- Hong Kong scientists have reported that Covid-19 reinfection is possible
- Many people who have survived the virus got worried when the scientists shared this disturbing report
- Zania Stamataki, Senior Lecturer in Viral Immunology at the University of Birmingham, says people should not panic because there's poor evidence for reinfection
Covid-19 reinfection is possible, according to scientists from Hong Kong. The virus has crippled the economies of many countries and has affected millions of people's livelihoods. The latest reports by the Hong Kong scientists have got a lot of people who survived the disease worried.
The scientists reported the first confirmed case of reinfection with the coronavirus that causes Covid-19, reportedly backed up by genetic sequences of the two episodes of the 33-year-old man’s infections in March and in August 2020.
People across the world are worried about what this could mean for the world's chances of resolving the pandemic. Zania Stamataki, Senior Lecturer in Viral Immunology at the University of Birmingham, says people should not panic.
Zania wrote on theconversation.com that nearly nine months after the first infection with the novel coronavirus, there's "very poor evidence for reinfection".
"However, virologists understand that reinfection with coronaviruses is common, and immunologists are working hard to determine how long the hallmarks of protective immunity will last in recovered patients.
"The rare reports of reinfection so far were not accompanied by virus sequencing data so they could not be confirmed, but they are quite expected and there is no cause for alarm."
She said there is mounting evidence that asymptomatic and presymptomatic people are contagious. Zania added that the lack of symptoms experienced by the Hong Kong patient is very good news.
"And this is why the sensible official advice is to wear face coverings to avoid infecting other people and to keep our distance to avoid getting infected. Coronaviruses from previous colds have endowed some of us with memory T cells that can also mobilise against the novel coronavirus, and this could explain why some people are spared severe disease."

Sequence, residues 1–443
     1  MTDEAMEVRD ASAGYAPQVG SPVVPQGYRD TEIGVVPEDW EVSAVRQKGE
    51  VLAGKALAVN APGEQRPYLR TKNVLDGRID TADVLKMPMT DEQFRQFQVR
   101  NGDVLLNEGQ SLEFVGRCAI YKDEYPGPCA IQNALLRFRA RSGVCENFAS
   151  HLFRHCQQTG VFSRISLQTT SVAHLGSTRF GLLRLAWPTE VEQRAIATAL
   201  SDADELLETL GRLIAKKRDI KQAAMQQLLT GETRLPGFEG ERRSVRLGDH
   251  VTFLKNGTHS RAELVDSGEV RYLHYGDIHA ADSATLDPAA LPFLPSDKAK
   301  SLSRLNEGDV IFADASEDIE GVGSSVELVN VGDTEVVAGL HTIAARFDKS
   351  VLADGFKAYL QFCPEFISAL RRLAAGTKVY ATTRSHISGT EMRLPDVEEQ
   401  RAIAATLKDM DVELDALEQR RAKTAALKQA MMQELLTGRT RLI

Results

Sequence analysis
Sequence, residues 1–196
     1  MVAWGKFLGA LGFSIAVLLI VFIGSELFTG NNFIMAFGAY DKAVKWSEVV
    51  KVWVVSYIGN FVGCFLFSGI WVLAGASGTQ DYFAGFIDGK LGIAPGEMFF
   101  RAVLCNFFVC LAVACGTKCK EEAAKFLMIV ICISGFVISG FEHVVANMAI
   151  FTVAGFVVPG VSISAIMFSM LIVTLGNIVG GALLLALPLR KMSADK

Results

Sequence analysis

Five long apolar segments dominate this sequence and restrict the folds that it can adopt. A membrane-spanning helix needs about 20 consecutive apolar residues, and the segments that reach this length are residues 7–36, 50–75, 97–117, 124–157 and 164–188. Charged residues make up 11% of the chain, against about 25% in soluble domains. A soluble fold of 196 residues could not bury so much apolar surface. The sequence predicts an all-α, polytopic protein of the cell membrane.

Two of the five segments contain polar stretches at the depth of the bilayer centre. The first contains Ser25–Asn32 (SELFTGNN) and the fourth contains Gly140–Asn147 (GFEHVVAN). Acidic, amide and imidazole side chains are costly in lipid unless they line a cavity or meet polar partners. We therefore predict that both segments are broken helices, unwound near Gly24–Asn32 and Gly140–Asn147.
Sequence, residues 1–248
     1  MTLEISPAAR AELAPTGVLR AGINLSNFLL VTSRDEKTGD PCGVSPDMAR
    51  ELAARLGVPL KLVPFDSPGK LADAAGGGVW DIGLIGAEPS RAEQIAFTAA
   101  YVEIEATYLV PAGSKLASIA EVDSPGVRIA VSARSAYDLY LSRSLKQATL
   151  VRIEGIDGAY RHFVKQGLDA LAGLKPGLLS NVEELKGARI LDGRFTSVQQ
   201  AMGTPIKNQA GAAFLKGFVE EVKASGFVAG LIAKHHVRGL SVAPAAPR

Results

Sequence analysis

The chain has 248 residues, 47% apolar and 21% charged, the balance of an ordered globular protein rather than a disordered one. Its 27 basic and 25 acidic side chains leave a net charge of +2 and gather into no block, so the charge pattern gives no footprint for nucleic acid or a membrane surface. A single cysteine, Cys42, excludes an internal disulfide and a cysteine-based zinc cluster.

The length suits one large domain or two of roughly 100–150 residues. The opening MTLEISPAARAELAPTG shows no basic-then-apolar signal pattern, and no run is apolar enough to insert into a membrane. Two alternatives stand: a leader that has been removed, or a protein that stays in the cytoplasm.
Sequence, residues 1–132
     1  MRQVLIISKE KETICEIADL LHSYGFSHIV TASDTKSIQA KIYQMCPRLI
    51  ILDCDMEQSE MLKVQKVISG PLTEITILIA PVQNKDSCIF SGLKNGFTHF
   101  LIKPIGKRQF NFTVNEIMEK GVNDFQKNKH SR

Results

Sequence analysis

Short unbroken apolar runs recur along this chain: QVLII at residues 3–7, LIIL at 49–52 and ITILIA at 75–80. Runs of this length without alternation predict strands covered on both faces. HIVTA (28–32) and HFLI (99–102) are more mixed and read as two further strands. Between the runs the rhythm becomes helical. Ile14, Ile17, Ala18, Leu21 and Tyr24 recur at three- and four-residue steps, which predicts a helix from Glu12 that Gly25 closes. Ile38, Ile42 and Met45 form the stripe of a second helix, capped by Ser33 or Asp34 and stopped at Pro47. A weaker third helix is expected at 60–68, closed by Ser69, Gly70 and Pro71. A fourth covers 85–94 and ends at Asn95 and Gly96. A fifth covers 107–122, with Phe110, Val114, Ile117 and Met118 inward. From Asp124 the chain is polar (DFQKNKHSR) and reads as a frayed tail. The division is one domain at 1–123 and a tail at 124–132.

In other news, Briefly.co.za reported that Somizi's bosom friend TT Mbha recently took to social media to celebrate surviving the coronavirus.
The excited businessman announced his recovery on Instagram on Thursday. TT, who also stars on Somizi's reality TV show Living The Dream With Somizi, had tested positive on 24 June. The star excitedly revealed that he tested negative on Thursday, 9 July.
"I tested positive on June 24! My mental, emotional, spiritual and physical strengths were all put to the ultimate test of survival! I tested negative on July 9. By the mighty and unshakable grace of God, I survived meningitis in 2014 and in 2020 I survived coronavirus!"
Following his recovery, TT encouraged other Covid-19 patients to stay strong and remain hopeful.
"You can, must and will be a coronavirus survivor too! I thank you all for your prayers."
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